“Underneath, it’s very quiet and dour,” says John Patkau. “But when the light hits it a certain way, it shimmers.” Mr. Patkau and his wife and fellow architect, Patricia, are walking around their latest project, the Polygon Gallery in North Vancouver. And as they’re talking about the building, the sun comes out from behind the clouds; the rays coax from the gallery’s steel and aluminum facades a subtle ripple. “It acts with the light,” Ms. Patkau says of the building. “It changes dramatically, depending on when and where you’re looking at it.”
You could say the same about Patkau Architects. Long based in Vancouver, the couple have held a place among Canada’s most accomplished architects, recognized by international critics and awarded a series of major buildings including Montreal’s Grande Bibliothèque. And yet, even in their adopted hometown, they remain in the shadows. Nobody better represents the tensions in Canadian architecture between greatness and commerce, between public triumph and the quiet private life.
The Polygon Gallery represents a Vancouver star turn, following the 2016 completion of the Audain Art Museum in Whistler. The two buildings are their most significant in the province. The Audain, a private museum that houses the collection of developer Michael Audain, has deservedly won a string of international awards. The Polygon building, which opened to the public Nov. 18, is a subtle masterpiece in itself.
The Polygon Gallery contains what used to be Presentation House Gallery, a small-but-mighty institution at the centre of Vancouver’s photography and media-arts scene. The $18-million, 25,000-square-foot building is organized in a simple scheme: lobby, bar, gift shop and rented retail spaces downstairs, with galleries and a flexible event space upstairs. Director Reid Shier says the architects did “a superhuman job,” cramming the institution’s many requirements into the space while keeping the ground level transparent.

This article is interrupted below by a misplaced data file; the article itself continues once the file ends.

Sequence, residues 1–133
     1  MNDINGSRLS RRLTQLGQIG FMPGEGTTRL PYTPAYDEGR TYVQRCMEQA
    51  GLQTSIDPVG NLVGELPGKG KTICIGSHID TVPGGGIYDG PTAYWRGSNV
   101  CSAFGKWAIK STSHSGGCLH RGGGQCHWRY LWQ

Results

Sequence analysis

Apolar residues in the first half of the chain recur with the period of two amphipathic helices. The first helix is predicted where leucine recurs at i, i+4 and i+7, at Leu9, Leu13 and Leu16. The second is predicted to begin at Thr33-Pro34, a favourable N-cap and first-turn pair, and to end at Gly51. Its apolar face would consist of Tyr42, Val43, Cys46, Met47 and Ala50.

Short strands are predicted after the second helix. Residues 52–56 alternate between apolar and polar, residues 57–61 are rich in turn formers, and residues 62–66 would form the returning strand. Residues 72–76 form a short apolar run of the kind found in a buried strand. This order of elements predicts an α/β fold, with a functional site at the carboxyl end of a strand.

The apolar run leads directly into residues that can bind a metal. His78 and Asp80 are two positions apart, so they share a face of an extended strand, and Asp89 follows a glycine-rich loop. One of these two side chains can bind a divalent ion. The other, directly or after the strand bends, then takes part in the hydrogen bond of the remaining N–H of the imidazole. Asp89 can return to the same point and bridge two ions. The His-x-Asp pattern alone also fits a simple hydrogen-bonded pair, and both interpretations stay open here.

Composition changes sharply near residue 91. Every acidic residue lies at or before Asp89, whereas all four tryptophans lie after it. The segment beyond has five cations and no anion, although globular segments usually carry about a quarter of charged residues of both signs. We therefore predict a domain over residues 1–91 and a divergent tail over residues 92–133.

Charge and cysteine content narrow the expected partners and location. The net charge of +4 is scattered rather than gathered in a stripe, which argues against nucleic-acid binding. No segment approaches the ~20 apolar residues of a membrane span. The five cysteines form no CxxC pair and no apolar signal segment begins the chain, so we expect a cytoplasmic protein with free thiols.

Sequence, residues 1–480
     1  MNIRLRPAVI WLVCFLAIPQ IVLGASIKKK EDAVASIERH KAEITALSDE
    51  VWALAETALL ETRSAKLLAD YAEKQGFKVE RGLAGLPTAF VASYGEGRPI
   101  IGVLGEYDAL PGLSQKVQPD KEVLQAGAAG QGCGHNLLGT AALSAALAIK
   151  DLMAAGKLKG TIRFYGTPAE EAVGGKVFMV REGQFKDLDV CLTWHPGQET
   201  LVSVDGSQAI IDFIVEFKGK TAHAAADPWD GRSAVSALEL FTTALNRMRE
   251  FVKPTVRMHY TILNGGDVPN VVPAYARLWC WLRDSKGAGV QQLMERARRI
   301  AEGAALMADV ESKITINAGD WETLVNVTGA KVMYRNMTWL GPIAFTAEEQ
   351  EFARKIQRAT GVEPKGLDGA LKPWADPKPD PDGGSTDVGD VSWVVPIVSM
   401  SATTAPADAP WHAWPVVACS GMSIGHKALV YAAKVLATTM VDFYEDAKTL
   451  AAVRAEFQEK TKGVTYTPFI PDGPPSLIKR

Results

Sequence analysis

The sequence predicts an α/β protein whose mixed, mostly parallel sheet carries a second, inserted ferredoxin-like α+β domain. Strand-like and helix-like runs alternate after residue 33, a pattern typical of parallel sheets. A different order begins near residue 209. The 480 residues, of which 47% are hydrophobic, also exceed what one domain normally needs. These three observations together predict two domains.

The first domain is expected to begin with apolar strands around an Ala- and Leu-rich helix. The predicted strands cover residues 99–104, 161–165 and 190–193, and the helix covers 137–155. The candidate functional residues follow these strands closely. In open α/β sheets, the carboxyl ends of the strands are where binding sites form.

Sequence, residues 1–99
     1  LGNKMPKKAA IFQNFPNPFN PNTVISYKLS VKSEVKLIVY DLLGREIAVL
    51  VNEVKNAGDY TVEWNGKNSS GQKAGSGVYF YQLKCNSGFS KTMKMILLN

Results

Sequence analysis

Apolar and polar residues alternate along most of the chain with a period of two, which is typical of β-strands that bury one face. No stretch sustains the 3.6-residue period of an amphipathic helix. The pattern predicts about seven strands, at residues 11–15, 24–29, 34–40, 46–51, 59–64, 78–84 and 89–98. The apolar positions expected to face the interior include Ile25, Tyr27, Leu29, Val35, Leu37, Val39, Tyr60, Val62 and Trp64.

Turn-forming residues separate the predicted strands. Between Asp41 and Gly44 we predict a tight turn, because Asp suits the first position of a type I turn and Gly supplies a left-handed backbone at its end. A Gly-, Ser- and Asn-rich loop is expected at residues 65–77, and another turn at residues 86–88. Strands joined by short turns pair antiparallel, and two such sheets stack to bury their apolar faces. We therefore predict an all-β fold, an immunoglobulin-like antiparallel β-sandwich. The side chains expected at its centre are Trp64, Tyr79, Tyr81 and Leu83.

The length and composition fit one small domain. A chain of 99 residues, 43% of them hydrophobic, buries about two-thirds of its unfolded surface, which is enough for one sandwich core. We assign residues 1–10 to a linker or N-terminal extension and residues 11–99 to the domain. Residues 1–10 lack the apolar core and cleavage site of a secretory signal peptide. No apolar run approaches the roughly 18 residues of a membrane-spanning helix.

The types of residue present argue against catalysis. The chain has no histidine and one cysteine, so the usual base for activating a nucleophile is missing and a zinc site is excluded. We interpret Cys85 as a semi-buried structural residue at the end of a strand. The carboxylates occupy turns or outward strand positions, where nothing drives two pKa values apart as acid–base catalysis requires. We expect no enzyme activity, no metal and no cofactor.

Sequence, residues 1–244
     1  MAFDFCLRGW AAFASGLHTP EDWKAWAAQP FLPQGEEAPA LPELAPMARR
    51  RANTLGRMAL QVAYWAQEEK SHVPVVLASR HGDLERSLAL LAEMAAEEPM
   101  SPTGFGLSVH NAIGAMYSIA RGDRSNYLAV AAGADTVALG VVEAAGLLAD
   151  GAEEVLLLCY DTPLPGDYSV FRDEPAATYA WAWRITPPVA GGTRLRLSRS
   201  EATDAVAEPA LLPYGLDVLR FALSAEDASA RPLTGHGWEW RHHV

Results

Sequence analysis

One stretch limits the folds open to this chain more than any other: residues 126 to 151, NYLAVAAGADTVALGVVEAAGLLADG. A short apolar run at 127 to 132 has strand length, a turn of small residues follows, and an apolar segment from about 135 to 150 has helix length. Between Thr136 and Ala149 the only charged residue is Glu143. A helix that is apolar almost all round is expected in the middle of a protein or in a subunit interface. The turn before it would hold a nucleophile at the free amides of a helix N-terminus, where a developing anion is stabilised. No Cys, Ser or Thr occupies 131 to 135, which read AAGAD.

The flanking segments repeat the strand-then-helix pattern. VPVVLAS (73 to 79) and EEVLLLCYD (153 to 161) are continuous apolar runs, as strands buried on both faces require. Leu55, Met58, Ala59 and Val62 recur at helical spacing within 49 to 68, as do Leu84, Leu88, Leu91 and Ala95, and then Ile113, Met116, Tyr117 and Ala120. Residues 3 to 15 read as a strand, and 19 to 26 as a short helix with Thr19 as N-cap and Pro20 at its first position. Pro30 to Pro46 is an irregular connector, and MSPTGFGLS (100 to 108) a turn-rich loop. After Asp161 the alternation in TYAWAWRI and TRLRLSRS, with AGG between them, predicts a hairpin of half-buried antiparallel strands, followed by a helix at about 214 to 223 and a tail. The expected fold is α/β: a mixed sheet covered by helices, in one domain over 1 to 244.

But while the building works on a prosaic level, it is also subtly poetic. As you approach the Lonsdale Quay site on the SeaBus from downtown Vancouver, the building reveals its jagged profile and shimmering surfaces: a sort of abstracted version of the sheds that surround it. Here, on what had been a working waterfront – it replaced a building used for tugboat maintenance – Shier had wanted “a tough building, a working gallery,” says John Patkau.
The architects delivered on that directive through a set of not-too-obvious references and moves. For one, the skylights in the upper galleries follow a sawtooth pattern, long standard in industrial buildings. Below that, a set of steel I-beams run across the spaces, implying a sort of ceiling, from which the power conduits and lights are hung. It’s not a white box, but it is unfussy and beautiful, managing to evoke a manufactory roughness while complementing a Stan Douglas photograph.
Then there are the façades, whose outer layer is made of fish-mouth aluminum grating, often used for marine stairs and gangplanks. “That has a literal reference to the shipbuilding industry in the area,” Shier says, “but it was a really creative way of taking something off the shelf and using it in a nuanced way.”
Context, nuance, subtlety: These are the very qualities that John and Patricia Patkau are known for.
When the Patkaus moved from Edmonton to Vancouver in 1983, they soon built themselves a house in West Vancouver. In this, they followed other B.C. modernists in building carefully considered private houses. They became closely identified with the idea of “critical regionalism,” an architecture that resisted the two prior fashions: The universal tendencies of corporate modernism and also the self-conscious historical quotations of postmodern architecture. Their buildings have responded to the local climate, to hilly sites and – with two important elementary schools – the post-and-beam construction traditional to B.C. First Nations.